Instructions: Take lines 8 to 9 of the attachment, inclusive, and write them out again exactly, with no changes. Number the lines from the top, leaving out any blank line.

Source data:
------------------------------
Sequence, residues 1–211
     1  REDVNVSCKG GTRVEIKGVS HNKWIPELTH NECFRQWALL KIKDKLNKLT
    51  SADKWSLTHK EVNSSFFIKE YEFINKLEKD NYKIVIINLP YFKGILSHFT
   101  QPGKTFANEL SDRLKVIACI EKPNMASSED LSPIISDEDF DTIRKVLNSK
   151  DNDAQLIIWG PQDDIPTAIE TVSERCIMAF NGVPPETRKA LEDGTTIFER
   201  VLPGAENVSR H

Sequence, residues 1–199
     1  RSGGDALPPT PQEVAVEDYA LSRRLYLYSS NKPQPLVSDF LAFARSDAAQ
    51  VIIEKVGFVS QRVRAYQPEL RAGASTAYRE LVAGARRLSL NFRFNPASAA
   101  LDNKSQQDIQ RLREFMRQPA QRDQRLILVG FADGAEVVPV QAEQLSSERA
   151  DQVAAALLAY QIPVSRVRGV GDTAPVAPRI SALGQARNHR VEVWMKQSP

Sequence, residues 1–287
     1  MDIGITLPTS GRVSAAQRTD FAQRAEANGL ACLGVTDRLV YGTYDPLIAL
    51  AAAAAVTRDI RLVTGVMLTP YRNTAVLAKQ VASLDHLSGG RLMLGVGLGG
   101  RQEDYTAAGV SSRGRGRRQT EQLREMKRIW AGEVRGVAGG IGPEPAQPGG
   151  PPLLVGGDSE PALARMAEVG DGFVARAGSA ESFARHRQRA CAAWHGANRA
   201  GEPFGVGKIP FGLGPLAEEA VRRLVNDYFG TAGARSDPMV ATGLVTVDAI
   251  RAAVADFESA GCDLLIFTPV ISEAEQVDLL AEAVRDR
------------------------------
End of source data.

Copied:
     1  RSGGDALPPT PQEVAVEDYA LSRRLYLYSS NKPQPLVSDF LAFARSDAAQ
    51  VIIEKVGFVS QRVRAYQPEL RAGASTAYRE LVAGARRLSL NFRFNPASAA